Indeed, the R8 is every bit as lovely on the inside as it is on the outside, and we're delighted that Audi decided to expose that to the public.



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    • 1 Second Ago
  • 22 Comments
      • 8 Years Ago
      "while the accelerator pivots from the bottom (yet another German peculiarity)"

      Peculiarity? Makes perfect sense if you think about it. Your foot is hinged at the ankle, not the toes. Pivoting the accelerator at the bottom makes the pedal travel more ergonomic; input more linear. In a high horsepowered car, the ability to feather and finess accelerator input is essential since the slightest input at the wrong time can upset vehicle balance. Same can be said for any car.

      Why isn't it done for all cars? Most drivers don't strive to be the best driver they can be. Just about veryone think they are the best driver ever right off the bat, if they do think about their driving at all. Since people don't care, it's cheaper to make all pedals pivot from above. Easier for mass assembly.

      • 8 Years Ago
      #3: It's called "mass production," and a lot of this car has already seen production on the Lamborghini Gallardo, including the entire drivetrain.
      • 8 Years Ago
      Ben, I think you will find most of the drivetrain actualy came from the RS4! the Gallardo is a V10 ;)

      Not that it would suprise me if the V10 made it into another more expensive version of the R8, maybe the R8S?

      Accelerator pedal, most european cars hinge at the bottom btw (Lotus, All VAG group, BMW, Mercedes, and if memory serves the 206GT I drove the other day was bottom hinge as well).

      Those that say it's not sexy, JUST LOOK AT THE ENGINEERING!, that is sexy. Yes it does look a bit Uber TT, but it's not unsexy by any means in the skin.

      Personaly I cannot wait to see it on the move, if it sounds and goes half as well as it looks, or half as well as it's sister the Gallardo then Audi have a winner.

      Just my 2p
      • 8 Years Ago
      Awesome. Gotta love it!

      http://www.r8audi.com
      • 8 Years Ago
      So many seem so gung-ho over this new R8. Visually its like one of the extraterrestrials from the movie Aliens mated with the new TT coupe and behold - the ravenous R8.

      Personally, I think the Peugeot supersedan concept much more exciting - and who would have thought?

      http://www.automobilesdeluxe.blogspot.com
      • 8 Years Ago
      Link to some high-res shots?

      Although bound to have its detractors, in my humble, biased (Audi owner) opinion, the thing is beautiful!
      And as for not being able to afford it, wait for 6 years, as it is an Audi after all and depreciation will likely be its nemesis. I'm going to start saving my ducats now.

      • 8 Years Ago
      great post, good info, good pics, high res would be nice.
      • 8 Years Ago
      Looks amazing on the outside, and very technologically advanced on the inside. It will be a great performer for sure.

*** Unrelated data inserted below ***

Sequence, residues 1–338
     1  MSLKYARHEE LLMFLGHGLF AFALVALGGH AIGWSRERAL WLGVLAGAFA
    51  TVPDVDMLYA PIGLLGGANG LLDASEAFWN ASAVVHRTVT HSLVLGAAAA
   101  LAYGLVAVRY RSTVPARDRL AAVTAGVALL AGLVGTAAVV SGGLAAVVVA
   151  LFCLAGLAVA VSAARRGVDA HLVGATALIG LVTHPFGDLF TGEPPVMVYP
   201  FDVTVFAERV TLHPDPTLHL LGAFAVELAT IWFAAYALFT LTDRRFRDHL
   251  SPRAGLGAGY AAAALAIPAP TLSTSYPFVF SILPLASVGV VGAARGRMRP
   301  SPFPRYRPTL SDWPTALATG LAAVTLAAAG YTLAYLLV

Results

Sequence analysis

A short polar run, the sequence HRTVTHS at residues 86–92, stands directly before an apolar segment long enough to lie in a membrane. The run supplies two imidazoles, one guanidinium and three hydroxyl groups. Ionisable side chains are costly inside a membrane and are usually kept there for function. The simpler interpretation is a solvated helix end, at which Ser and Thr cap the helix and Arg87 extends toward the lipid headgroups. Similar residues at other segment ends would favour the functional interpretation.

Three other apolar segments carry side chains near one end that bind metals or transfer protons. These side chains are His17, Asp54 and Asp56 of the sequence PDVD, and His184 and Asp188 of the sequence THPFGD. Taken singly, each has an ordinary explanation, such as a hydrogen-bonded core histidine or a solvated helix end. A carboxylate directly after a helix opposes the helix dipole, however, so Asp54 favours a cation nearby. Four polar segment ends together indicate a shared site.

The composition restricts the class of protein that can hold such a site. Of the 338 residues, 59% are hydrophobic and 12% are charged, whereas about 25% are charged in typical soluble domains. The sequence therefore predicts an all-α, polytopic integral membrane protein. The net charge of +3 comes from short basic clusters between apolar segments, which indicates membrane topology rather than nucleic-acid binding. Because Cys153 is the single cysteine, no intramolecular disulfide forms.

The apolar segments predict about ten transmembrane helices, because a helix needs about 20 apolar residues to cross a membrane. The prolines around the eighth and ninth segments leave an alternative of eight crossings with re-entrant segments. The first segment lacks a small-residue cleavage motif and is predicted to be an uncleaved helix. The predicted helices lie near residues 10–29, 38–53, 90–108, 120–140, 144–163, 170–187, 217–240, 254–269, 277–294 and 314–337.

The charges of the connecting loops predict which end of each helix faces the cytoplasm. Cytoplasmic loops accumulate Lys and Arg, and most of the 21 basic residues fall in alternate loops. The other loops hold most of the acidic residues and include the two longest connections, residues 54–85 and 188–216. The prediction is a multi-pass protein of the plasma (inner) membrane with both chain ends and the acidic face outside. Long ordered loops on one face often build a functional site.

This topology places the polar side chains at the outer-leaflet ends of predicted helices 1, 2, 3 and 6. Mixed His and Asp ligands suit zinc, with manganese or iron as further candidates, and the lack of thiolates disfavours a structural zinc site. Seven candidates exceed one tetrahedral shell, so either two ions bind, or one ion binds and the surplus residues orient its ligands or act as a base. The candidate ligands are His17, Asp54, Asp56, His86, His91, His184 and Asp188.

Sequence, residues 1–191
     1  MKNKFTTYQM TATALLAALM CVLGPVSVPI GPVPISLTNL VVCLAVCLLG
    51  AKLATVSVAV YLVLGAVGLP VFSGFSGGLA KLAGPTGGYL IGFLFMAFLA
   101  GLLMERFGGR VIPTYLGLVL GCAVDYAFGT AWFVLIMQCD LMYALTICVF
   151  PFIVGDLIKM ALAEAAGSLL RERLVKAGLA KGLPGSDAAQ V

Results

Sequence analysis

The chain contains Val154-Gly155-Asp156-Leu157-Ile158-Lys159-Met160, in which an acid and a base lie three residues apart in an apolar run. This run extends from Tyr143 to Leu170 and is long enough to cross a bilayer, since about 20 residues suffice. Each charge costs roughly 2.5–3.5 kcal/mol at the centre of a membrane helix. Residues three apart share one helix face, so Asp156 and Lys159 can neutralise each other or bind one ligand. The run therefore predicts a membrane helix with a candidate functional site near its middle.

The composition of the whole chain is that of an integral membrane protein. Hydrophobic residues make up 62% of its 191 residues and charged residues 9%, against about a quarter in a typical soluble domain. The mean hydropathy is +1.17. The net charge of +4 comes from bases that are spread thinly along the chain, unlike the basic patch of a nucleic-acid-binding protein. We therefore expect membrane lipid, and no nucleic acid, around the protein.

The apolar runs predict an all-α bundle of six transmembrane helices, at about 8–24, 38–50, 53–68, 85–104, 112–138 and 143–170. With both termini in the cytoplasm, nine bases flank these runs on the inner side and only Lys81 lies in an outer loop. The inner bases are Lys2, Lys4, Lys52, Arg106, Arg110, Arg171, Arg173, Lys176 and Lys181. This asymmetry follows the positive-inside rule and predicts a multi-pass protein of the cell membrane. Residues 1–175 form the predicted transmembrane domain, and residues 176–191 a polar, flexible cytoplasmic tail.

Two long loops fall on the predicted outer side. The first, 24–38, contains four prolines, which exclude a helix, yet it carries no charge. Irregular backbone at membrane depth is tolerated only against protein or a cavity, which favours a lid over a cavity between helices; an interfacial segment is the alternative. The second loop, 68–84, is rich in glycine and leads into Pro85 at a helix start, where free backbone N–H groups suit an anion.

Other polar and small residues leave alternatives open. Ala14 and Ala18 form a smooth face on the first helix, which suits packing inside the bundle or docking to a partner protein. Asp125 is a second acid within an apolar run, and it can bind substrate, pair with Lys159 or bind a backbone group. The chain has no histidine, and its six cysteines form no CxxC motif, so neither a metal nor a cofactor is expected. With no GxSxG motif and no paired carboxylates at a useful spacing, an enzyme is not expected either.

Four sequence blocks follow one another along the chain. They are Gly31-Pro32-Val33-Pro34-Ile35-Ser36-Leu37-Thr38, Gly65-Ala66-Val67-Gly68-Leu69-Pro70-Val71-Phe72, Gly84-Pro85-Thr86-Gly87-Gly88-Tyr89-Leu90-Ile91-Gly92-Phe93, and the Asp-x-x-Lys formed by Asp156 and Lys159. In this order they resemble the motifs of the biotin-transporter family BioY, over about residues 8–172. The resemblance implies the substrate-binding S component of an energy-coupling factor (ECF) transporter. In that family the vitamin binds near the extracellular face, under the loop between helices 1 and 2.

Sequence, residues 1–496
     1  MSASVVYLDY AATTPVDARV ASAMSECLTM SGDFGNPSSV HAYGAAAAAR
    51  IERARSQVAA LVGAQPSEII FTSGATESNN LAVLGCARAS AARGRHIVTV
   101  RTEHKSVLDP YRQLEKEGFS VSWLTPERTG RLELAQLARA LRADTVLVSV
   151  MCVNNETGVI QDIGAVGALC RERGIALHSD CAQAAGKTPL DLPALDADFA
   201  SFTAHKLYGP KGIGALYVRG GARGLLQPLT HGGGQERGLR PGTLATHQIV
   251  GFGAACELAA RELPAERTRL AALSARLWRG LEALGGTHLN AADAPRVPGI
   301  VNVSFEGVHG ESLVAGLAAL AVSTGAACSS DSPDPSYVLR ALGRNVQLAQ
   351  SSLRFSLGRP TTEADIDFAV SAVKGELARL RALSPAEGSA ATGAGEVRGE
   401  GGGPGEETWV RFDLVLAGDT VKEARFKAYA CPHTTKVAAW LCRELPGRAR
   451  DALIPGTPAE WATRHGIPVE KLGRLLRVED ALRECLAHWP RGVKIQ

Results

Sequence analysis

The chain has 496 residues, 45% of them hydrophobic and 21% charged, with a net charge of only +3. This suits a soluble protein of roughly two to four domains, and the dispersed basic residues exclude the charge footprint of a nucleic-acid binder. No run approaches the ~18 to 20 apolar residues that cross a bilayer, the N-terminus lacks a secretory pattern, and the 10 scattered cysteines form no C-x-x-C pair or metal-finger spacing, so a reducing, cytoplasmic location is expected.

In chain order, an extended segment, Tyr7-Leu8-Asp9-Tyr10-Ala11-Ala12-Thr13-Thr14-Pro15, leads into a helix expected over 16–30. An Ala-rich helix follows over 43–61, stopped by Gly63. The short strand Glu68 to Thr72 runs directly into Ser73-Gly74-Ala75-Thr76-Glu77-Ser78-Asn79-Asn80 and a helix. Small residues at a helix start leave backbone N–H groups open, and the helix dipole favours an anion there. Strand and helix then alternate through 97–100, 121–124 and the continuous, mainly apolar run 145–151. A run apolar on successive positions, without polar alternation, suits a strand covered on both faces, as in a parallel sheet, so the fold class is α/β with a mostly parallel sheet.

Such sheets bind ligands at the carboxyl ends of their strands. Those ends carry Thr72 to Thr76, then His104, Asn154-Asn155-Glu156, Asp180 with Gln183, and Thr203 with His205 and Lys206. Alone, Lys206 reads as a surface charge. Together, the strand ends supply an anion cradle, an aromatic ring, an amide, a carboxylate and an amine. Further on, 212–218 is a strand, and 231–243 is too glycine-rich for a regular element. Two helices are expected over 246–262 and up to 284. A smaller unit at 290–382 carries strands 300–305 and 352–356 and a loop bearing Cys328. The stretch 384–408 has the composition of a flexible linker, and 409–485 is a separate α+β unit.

• 5 Years Ago
      Truly a work of art, a thing of beauty. The welds look almost perfect, the square tubes mesh cleanly with the spaceframe, the plumbing just the entire architecture of the chassis is breathtaking. Obviously a great deal of engineering passion went in to the design of this vehicle. So much of what makes a car a car goes on under the skin, beneath the bonnet and beyond the engine. This is truly an engineering master work, sheer beauty and strength in aluminium and steel. In a word: wunderbar!
      • 8 Years Ago
      Six-time Le Mans winner Ickx is new Audi representative Spectacular sports car with motorsport genes How close and intensive the link between production cars and motorsport is at Audi was proved by the presentation of the Audi R8 prior to the official opening of the Salon d`Automobile in Paris: factory driver Tom Kristensen and Jacky Ickx, who between them clinched a total of 13 victories in the famous 24 Hours of Le Mans, presented the new spectacular sports car together with Audi Chairman of the Board Prof. Dr. Martin Winterkorn. The launch of the brand's sporty spearhead marks Audi's revival of the Audi R8, the five-time winner of Le Mans, now, three years after the unveiling of the Le Mans quattro concept car. "The R8 is a thorough-bred sports car with the genes of a true racer. I've been able to take it out for a test drive and am impressed with its performance," said Jacky Ickx in front of a group of journalists, guests and members of the ACO board. For the six-time Le Mans winner, the Audi R8's world debut also marked the first public appearance as Audi's new representative. Before, Tom Kristensen, who beat Ickx with a track record of seven victories in the French endurance classic, had driven the Audi R10 TDI onto the stage, thus calling the first triumph of a diesel powered sports car at Le Mans roughly three months ago back to mind. Orders for the Audi R8 will be accepted from 28 September 2006, with the first deliveries being scheduled for the first half of 2007.
      • 8 Years Ago
      Since you asked, there are many hi-res shots here: http://gallery.audiworld.com/gallery/awframes/indexparisr8.html

      I think it is unfair for anybody to judge the thing without first seeing it in person and then of course driving it. All these photos and media impressions are nothing more than that - impressions. The real "rubber meets the road" when you see and drive it yourself.
      • 8 Years Ago
      There's some really cool technology in this car.

      Anyone interested in the Audi R8 should check out http://www.r8audi.com